What we’ve heard about Canada’s mining future

The Canadian Minerals and Metals Plan is collecting input online and in person from outreach and engagement events. See where we’ve been and learn more about what people are saying on the future of mining in Canada.

Read an Indigenous gender-based analysis by the Native Women's Association of Canada: Native Women's Association of Canada Submission (PDF, 820 KB).

Read the Advancing the Participation of Indigenous Peoples report (PDF, 657 KB) (available in English only).

What We've Heard PDF

You spoke, we listened. Here is part two of What We've Heard.
What We've Heard Part 2 (PDF, 6.14 MB).

Read our previous findings by downloading
What We've Heard (PDF, 6.13 MB).

Where we’ve been

We are taking a national approach to discussing Canada’s mining future, visiting provinces and territories across the country over the next few months. See where we’ve been so far!

map of Canada
Text Version

A map of Canada highlighting where the team representing the Canadian Minerals and Metals Plan has been to chat with Canadians:

  • Yellowknife
  • Whitehorse
  • Houston
  • Vancouver
  • Prince George
  • Edmonton
  • Calgary
  • Regina
  • Saskatoon
  • Winnipeg
  • Sudbury
  • Toronto
  • Ottawa
  • Iqaluit
  • Québec City
  • Fredericton
  • Halifax
  • St. John's
Development of the Canadian Minerals and Metals Plan
Text Version

A visual showing the number of in-person engagement activities and online activities related to the development of the Canadian Minerals and Metals Plan.

  • 146 In-person Engagement Activities:
    • 57 Stakeholder Workshops / Expert Meetings
    • 44 Bilateral Meetings
    • 13 Presentations
    • 32 Expert Report Submissions
  • 2,070 Online Activities
    • 961 Quizzes Completed
    • 392 Surveys Filled
    • 717 Ideas Submitted on Social Media (Facebook, Twitter, LinkedIn)

Talking to communities

To date, we’ve received 49 comments on the six themes of discussion surrounding the Canadian Minerals and Metals Plan – we encourage you to read through them. Here is a quote from one of the participants:

We asked: What can be done to build a skilled workforce that is more diverse?

One respondent stated:

While mining is struggling to attract and retain a more diversified workforce, in the last few years a number of measures have been taken to rectify the situation. While only few, there are success stories related to attracting women, immigrants, veterans and millennials to mining. These stories need to be told to the general public to ignite curiosity so more people consider a career in mining.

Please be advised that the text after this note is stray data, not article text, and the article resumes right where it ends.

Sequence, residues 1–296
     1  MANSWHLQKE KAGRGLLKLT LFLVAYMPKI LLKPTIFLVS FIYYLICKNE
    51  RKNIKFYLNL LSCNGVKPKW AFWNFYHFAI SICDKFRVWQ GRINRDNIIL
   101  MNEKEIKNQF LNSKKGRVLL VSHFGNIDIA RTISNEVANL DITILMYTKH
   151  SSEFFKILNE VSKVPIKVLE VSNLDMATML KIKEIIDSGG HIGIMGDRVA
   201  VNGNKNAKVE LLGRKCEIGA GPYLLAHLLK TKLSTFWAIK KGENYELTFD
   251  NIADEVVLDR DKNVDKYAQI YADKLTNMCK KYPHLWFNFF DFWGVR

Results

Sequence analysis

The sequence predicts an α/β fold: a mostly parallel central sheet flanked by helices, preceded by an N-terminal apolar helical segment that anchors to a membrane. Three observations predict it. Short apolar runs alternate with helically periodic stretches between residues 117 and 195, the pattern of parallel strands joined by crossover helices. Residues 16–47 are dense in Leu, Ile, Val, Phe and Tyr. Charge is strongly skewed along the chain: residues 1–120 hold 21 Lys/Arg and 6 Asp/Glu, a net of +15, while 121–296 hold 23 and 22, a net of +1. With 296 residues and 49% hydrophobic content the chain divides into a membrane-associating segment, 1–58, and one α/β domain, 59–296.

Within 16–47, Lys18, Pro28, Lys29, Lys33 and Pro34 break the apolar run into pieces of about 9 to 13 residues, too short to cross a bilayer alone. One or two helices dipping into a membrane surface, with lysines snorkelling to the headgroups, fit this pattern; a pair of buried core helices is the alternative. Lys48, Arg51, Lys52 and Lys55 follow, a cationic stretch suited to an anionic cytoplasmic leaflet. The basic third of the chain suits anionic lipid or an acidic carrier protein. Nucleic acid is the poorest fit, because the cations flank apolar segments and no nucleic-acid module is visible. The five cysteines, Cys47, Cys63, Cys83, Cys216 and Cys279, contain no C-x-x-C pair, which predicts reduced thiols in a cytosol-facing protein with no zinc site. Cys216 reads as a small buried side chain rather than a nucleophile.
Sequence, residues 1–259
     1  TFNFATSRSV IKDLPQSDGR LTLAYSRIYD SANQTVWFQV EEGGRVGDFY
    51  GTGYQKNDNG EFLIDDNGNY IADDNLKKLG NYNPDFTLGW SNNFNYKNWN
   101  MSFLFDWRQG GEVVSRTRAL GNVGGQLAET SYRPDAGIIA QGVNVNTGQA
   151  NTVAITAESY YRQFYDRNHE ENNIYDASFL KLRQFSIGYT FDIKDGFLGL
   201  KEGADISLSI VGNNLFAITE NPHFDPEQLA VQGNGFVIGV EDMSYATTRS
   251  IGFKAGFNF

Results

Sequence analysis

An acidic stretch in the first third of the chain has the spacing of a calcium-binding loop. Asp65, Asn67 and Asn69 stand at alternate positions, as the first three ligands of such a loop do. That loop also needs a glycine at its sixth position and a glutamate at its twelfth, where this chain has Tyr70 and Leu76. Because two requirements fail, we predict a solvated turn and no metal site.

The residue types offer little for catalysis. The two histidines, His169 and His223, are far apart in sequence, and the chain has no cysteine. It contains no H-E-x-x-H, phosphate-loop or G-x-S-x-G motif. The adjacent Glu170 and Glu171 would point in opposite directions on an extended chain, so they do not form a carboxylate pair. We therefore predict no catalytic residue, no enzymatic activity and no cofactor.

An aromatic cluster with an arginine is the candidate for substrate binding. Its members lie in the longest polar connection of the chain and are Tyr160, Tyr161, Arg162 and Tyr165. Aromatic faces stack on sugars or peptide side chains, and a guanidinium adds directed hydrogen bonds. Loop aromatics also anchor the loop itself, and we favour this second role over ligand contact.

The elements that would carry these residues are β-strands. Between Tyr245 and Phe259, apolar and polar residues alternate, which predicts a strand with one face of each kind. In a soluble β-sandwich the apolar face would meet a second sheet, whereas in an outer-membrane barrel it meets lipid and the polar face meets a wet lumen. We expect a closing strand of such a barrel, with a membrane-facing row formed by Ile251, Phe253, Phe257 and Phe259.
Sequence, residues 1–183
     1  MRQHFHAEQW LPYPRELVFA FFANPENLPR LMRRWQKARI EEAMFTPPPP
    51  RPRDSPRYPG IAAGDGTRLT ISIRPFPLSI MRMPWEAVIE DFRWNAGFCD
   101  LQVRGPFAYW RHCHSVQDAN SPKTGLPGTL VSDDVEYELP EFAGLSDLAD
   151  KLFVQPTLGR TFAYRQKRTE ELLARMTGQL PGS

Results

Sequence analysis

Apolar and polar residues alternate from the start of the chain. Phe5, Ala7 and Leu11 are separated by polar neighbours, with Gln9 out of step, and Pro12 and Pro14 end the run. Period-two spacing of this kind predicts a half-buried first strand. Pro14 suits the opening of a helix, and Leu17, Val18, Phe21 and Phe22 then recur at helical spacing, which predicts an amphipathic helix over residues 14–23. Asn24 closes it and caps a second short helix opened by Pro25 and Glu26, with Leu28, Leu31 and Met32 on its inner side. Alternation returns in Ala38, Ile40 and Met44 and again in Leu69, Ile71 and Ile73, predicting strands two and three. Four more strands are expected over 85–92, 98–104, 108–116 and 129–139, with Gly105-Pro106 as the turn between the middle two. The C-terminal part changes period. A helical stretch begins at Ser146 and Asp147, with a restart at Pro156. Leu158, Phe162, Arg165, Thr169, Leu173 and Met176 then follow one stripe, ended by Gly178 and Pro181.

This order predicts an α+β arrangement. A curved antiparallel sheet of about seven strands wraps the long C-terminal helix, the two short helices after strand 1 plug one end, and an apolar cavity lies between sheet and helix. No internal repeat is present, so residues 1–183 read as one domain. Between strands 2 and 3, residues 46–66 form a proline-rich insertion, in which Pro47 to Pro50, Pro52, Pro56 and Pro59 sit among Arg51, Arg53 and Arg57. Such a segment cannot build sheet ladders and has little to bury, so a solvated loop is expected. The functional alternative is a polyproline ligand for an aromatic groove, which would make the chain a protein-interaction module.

The results are in

We asked Canadians to test their knowledge about mining and to take our Mining in Canada survey. How do your results match up?

1 2 3
Text Version
  1. 76% of people knew that in the mining industry, a cage is a device (similar to an elevator) used for hoisting personnel and materials.
  2. 70% of people knew that Fool's Gold is another name for the mineral pyrite.
  3. 2 in 3 of people knew that the fictional mineral vibranium is mined in the fictional country Wakanda.

Survey participants have shared their thoughts on a variety of topics!

Unlocking Canada's Resource Potential
  • Mining is an integral part of the Canadian economy, providing jobs to many Canadians (especially in Northern Canada) including Indigenous Canadians.
  • Canada's highly skilled workforce significantly helps our competitive advantage globally.
  • More collaboration and partnerships when it comes to working with local businesses and communities.
  • Focusing on sustainable mineral development is the key to unlocking Canada's economic potential while keeping environmental protection in mind.
  • Many participants believe that environmental assessments are a priority that needs to be addressed while some indicated that this challenging process needs to be redesigned.
  • Some people want to see Canada move towards creating and using more renewable sources of energy.
  • Several participants indicated their concern for clean water supplies becoming endangered.
  • Many people want to see increased support for research and development initiatives.
  • Investments in the development of secondary and tertiary processing sectors for minerals, rather than exporting raw materials.
  • Improving timely decisions on project approvals as well as engaging interested parties for input would greatly improve planning and oversight.
  • An increase in public visibility of mining so that Canadians are aware that minerals and metals are necessary to maintaining their way of life.
  • The need for developing education and mentorship programs as well as additional support for public geoscience and engineering research.
  • More access and encouragement for youth to enter mining professions.
  • The mining sector is a top employer of indigenous peoples and a major supporter of community involvement, including Indigenous businesses.
  • Challenges around Indigenous land rights might affect the pace of mineral development.
  • An increase in recognition of Indigenous decision-making, early engagement of Indigenous communities, and provide capacity support for communities to engage at all stages of a mine's life.
  • Many participants want to see more done around resource revenue-sharing with Indigenous communities.

Keep the conversation going!